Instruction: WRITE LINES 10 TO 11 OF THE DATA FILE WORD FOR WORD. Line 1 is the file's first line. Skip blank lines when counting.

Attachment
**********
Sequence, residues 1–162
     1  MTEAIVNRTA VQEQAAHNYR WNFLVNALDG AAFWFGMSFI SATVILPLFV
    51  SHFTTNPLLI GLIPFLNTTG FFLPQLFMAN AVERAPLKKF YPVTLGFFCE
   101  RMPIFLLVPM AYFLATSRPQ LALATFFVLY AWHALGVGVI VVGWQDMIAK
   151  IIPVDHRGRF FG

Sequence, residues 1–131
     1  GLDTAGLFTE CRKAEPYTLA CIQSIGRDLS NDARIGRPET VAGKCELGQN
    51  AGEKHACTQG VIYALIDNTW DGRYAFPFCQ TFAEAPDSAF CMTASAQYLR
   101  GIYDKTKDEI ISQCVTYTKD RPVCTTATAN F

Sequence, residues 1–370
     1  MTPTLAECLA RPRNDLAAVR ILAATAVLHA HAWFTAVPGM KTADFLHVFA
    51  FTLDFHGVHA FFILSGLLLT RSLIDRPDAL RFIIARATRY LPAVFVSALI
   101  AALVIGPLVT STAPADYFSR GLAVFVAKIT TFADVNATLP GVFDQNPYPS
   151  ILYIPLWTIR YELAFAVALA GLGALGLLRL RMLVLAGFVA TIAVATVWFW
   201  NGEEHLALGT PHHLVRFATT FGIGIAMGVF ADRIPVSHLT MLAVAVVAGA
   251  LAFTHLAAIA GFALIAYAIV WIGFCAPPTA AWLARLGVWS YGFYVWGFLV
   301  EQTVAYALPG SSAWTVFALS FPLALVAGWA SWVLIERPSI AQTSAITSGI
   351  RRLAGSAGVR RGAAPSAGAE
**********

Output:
Sequence, residues 1–370
     1  MTPTLAECLA RPRNDLAAVR ILAATAVLHA HAWFTAVPGM KTADFLHVFA